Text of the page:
I Hate RWBY, It’s Awesome

TV Features
I Hate RWBY, It’s Awesome

I’ve been in a love-hate relationship with Rooster Teeth’s not-quite-anime RWBY since I was in middle school. I’ve watched the show ever since the Red trailer dropped, and it’s become one of the few shows I keep up with regularly. The character designs were cool, the weapons even cooler (the main character uses a sniper scythe!) the music by Jeff and Casey Lee Williams elevated it further, and the fight scenes are still some of the best 3D-animated fights of all time. Despite its flaws (the non-fight animations leave much to be desired, and the show features some egregious examples of telling instead of showing), I genuinely love most of the first three volumes of the show. It’s the coolest 6/10 in existence.

But the rest of the show is a mixed bag of interesting ideas, disappointment, wasted potential, and occasionally decent fight scenes. There’s a lot of discourse on whether the series fundamentally changed when creator Monty Oum tragically passed away in 2015, but it’s unfair to everyone else who works on RWBY to focus on the idea that they aren’t living up to the legacy of a genius. But with the release of Volume 9, it feels like the show may finally hit its stride again.

In the past few years, RWBY has become a delicate balancing act of almost being good and then somehow just missing the mark. It’s the web show equivalent of the student who has a lot of potential, but never does his work so it never bears out.

The main issue with the show is its writing. RWBY’s writing has suffered from attempting to punch way above its weight conceptually without ever committing. There’s a racism subplot that feels like it was written by someone who has a surface-level understanding of the Civil Rights Movement, and it kind of just goes nowhere; it exists for the idea that Catgirl Martin Luther King Jr. can be morally superior to Bullman Malcolm X, and not really much outside of that. Zootopia had a more nuanced take on animal people’s racism, for crying out loud.

Of course, no one’s necessarily looking to RWBY for high-quality writing—there’s a girl with a sniper scythe. But RWBY also hasn’t felt as cool as it once did. There aren’t weapons like canes that shoot explosives or shotgun gauntlets; now we just get guys who use fishing poles and futuristic hammers. All of the off-the-wall batshit stuff that got me into the show has been homogenized to the point where it’s devoid of any cohesive identity. We went from visually striking character designs to generic mobile game fantasy characters. RWBY was always a cheesy action show, but as it attempted to become more serious it lost its way.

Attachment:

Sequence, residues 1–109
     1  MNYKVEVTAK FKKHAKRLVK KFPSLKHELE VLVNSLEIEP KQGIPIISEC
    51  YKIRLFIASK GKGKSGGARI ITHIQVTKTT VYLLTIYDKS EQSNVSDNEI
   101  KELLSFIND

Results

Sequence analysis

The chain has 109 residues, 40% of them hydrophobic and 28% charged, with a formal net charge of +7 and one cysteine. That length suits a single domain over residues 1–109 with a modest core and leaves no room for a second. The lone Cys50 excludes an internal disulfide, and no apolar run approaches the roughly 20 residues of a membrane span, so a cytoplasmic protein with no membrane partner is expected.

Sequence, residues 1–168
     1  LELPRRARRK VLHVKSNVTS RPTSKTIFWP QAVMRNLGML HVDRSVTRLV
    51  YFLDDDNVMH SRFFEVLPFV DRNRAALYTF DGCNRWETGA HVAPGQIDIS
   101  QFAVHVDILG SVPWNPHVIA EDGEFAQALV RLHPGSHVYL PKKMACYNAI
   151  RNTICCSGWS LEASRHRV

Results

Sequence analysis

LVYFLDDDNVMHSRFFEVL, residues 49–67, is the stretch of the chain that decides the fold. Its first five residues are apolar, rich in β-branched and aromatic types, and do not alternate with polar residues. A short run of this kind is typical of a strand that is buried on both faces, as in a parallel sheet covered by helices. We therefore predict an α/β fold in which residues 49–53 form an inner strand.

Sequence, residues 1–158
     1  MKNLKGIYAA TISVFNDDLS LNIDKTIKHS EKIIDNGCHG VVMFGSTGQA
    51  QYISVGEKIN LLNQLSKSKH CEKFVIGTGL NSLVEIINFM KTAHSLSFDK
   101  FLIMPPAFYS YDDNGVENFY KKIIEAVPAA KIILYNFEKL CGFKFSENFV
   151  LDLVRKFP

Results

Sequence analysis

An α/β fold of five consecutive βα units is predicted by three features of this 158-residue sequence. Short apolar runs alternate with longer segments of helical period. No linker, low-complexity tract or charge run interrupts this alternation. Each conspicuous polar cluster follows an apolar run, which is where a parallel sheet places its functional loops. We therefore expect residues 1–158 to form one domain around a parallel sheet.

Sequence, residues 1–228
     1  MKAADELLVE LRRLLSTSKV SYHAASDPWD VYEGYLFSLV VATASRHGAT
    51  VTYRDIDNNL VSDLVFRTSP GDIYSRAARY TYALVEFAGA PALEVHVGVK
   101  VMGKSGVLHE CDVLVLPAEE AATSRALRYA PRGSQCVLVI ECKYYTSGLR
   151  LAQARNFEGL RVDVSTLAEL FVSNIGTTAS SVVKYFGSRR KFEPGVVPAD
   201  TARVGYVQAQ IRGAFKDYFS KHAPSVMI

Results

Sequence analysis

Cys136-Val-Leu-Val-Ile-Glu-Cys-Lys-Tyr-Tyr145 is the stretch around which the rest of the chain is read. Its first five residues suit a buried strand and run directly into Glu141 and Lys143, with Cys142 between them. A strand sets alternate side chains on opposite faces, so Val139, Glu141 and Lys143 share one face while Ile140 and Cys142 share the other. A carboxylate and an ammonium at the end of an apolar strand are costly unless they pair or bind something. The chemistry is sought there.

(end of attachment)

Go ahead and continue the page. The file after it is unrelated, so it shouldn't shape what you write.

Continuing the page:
Going into Volume 9 I expected much of the same. A couple of entertaining fight scenes, ideas that aren’t expounded upon, and more wasted potential. But my expectations have miraculously been exceeded. Watching Volume 9 has made me excited about RWBY for the first time since my freshman year of high school. At its best moments, I feel like Anton Ego when he ate the titular ratatouille and had a flashback to his happier childhood.

Volume 9 immediately shakes up the formula of RWBY by eschewing the familiar setting of Remnant with the colorful storybook world of Ever After, which trades the science fantasy of Remnant for bright, varied environments filled with a variety of creatures called the Afterans, all of which are pulled from the in-universe fairy tales. It provides an interesting contrast, even if at the beginning my friends and I joked about the show devolving into a kid’s show.

The core strength of the season is that, for the first time, it feels like it actually focuses on Ruby Rose. It’s been a complaint for years that despite her status as the main character, her development is given a back seat compared to many of the other subplots. Ruby is finally at the front and center of the show after almost 10 years, and she’s having a horrible time. She’s constantly reminded of every single one of her failures at every turn, her feelings are ignored time and time again, and it results in an on-screen breakdown that’s probably her strongest character moment to date. And not for nothing, we also get to see Blake and Yang finally enter a relationship after a damn near decade of ship tease.

It’s not all sunshine and rainbows, it’s still RWBY after all. Tonal whiplash is at an all-time high despite this being one of the darker seasons of the show. Our namesake character commits not-quite suicide, and the rest of the cast is pretty ambivalent when we see them in the immediate aftermath. In one episode we’re dealing with fighting toy soldiers, and in the next our characters are discussing the darkest parts of themselves. It’s a bit silly.

So will Volume 9 stick the landing? I hope so. Will it irrefutably prove that RWBY is overrated? Probably not. Will I continue to watch it if a tenth volume is greenlit? Absolutely.

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